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Title:Novel phase and phase transition behavior of a superionic conductor observed on the nanoscale
Author(s):Heo, Jaeyoung
Director of Research:Jain, Prashant K
Doctoral Committee Chair(s):Zuo, Jian-Min
Doctoral Committee Member(s):Shim, Moonsub; Chen, Qian
Department / Program:Materials Science & Engineerng
Discipline:Materials Science & Engr
Degree Granting Institution:University of Illinois at Urbana-Champaign
Subject(s):Chemical structure
Defects in solids
Transmission electron microscopy
fast-ion transport
Abstract:This dissertation documents the work performed in the pursuit of a PhD degree in the research group of Prof. Prashant K. Jain at the University of Illinois at Urbana-Champaign. I employed in-situ transmission electron microscopy (TEM) for understanding the ionic structure, vacancy ordering, phase transitions, and ion transport in a prototypical fast-ion conductor, copper selenide. Major objectives of my work were to elucidate i) the nature of the structural phase transition by which copper selenide becomes a superionic phase and ii) the microscopic mechanisms of ionic motion in this material. My studies were performed on nanostructures of copper selenide. Chapter 1 introduces the concept of a superionic conductor and describes one particular example, copper selenide, which is the model system studied in my work. Also, I briefly discuss in-situ high-resolution TEM the primary technique I used, and the advantages and capabilities this method offered for my studies of copper selenide. Chapter 2 presents an interesting finding made in the course of my TEM studies: the observation of a novel phase of cuprous selenide in nanocrystals. This novel phase exhibits an unusually longer-range of Cu-vacancy ordering and is found from density functional theory (DFT) calculations to be a metastable phase. After thorough characterization of the different phases of copper selenide in nanocrystals under TEM, I investigated, using in-situ TEM, the phase transition behavior of copper selenide nanocrystals from their ordered state to their superionic phase, the results of which are described in Chapter 3. From the spatiotemporal kinetics interrogated by in-situ TEM, we determined the precise nucleation sites of the phase transition and establish a correlation between the dynamics of the cations and anions in the transition. Next, we studied using in-situ TEM the ionic structure and dynamics in copper selenide nanowires, which are one-dimensional structures with anisotropy unlike zero-dimensional nanocrystals. As described in Chapter 4, I observed anti-phase boundaries, a type of planar defect, in the nanowires. Investigation of the phase transition behavior near anti-phase boundaries led us to conclude that this planar defect impedes the growth of the superionic phase. Also, I observed the motion of this defect under electron beam irradiation. From the characteristics of the motion, we infer how copper ions migrate in the copper selenide lattice. Taken together, my work leveraged well-defined nanostructures and in-situ TEM to shed broadly applicable insights into the atomistic dynamics involved in a phase transition, vacancies and defects in ionic compounds, and the nature of cation transport in superionic materials.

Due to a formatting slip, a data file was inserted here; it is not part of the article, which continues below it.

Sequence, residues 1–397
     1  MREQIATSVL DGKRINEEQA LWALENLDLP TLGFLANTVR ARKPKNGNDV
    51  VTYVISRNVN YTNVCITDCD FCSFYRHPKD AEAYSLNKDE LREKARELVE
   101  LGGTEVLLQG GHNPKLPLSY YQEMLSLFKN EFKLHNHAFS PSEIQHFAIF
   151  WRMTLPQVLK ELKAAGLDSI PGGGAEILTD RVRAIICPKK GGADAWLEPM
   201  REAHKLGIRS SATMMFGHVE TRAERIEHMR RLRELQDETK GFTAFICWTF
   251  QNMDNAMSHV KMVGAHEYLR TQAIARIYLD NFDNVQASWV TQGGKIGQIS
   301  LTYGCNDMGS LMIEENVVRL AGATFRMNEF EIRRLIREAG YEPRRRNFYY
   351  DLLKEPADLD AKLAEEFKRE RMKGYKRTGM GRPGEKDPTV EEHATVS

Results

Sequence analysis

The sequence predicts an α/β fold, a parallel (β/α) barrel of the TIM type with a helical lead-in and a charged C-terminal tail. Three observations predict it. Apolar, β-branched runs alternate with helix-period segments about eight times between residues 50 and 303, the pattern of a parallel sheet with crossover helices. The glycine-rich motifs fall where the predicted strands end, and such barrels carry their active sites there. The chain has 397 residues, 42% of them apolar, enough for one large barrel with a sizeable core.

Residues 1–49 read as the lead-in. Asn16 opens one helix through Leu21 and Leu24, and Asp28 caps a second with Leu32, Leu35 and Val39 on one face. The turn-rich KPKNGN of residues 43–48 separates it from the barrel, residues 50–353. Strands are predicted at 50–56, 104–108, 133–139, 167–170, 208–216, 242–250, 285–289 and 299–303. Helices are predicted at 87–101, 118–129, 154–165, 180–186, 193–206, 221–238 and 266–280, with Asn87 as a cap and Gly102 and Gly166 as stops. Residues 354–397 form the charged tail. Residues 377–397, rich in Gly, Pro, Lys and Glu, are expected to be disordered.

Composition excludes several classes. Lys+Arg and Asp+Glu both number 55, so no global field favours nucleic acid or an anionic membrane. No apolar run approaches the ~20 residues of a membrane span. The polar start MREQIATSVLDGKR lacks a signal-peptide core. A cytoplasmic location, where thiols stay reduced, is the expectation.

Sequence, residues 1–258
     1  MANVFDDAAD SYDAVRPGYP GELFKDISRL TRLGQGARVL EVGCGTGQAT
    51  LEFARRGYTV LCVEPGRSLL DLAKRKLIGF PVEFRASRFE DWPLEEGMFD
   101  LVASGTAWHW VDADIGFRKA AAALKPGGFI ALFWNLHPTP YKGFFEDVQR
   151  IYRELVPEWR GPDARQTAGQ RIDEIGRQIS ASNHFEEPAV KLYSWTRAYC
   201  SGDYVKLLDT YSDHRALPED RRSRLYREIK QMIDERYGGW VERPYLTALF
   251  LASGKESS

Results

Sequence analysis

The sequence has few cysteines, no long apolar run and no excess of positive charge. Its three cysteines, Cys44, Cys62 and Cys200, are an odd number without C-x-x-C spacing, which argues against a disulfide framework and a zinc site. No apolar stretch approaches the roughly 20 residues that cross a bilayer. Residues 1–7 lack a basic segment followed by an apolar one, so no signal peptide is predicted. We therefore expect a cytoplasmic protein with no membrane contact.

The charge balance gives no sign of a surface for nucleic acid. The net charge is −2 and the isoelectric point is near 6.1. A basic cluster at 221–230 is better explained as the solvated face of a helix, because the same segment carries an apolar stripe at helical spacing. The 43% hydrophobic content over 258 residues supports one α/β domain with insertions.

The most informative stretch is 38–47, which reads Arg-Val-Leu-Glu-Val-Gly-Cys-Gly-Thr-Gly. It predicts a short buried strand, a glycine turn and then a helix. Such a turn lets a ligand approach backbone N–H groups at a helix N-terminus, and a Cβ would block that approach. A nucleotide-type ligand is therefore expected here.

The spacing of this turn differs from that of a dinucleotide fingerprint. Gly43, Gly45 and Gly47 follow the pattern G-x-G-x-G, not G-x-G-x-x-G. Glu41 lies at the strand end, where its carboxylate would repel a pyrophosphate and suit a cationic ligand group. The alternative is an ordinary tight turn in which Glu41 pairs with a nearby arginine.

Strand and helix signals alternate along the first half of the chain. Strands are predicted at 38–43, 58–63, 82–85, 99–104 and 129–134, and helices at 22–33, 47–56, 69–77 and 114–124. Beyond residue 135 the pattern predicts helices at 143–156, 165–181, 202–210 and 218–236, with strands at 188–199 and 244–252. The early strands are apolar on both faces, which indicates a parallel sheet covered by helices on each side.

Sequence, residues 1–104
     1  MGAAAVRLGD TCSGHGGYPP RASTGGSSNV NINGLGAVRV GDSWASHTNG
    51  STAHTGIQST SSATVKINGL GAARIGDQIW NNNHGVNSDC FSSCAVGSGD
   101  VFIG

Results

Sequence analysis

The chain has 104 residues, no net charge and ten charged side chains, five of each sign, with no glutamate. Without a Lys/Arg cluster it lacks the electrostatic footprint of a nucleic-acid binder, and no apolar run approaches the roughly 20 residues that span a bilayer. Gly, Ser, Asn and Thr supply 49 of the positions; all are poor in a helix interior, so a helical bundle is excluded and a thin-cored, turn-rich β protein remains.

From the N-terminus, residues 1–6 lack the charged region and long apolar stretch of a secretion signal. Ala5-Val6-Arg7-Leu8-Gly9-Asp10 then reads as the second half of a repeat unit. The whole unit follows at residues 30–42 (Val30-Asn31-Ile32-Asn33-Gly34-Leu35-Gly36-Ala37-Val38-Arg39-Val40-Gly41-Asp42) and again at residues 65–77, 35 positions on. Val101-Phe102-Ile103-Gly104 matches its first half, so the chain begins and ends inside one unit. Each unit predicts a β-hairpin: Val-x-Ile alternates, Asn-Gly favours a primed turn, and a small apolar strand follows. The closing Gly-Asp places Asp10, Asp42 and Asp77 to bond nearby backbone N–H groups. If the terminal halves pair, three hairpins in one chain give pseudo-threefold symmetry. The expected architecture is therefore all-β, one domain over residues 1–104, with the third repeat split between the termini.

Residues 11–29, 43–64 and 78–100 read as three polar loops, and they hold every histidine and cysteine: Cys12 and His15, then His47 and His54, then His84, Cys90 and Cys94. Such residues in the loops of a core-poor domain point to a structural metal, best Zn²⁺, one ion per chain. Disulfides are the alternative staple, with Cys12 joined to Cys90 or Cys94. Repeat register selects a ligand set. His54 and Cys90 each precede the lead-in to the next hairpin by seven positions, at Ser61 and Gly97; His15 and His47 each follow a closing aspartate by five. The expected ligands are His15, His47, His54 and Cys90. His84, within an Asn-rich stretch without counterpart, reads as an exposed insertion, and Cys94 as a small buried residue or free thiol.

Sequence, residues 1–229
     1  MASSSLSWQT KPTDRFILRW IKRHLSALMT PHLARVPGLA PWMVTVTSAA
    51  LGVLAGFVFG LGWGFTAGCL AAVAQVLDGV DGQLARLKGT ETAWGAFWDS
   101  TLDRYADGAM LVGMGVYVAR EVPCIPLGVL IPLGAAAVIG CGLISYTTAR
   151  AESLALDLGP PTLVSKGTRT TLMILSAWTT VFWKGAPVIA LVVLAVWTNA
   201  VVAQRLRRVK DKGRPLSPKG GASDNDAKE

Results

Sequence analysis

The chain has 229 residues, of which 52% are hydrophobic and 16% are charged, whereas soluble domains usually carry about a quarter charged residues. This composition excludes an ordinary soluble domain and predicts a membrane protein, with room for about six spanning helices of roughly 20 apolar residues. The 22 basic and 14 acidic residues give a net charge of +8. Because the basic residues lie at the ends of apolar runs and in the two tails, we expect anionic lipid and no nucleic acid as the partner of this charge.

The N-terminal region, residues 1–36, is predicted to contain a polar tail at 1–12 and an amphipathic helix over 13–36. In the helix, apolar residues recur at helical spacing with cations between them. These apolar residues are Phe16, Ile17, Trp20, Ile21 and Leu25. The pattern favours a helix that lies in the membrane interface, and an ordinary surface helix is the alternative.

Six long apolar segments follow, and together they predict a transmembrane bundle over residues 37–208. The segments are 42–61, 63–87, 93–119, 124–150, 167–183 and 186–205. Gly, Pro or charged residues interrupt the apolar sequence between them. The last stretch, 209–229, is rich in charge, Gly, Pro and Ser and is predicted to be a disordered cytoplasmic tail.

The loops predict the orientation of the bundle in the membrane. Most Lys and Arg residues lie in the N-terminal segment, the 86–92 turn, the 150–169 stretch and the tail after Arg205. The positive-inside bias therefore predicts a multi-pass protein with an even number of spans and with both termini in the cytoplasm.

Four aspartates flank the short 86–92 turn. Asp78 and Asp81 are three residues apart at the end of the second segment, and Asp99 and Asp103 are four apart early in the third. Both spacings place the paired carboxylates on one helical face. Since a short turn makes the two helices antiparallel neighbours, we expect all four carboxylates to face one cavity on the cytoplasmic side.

Issue Date:2020-12-03
Rights Information:Copyright 2020 Jaeyoung Heo
Date Available in IDEALS:2021-03-05
Date Deposited:2020-12

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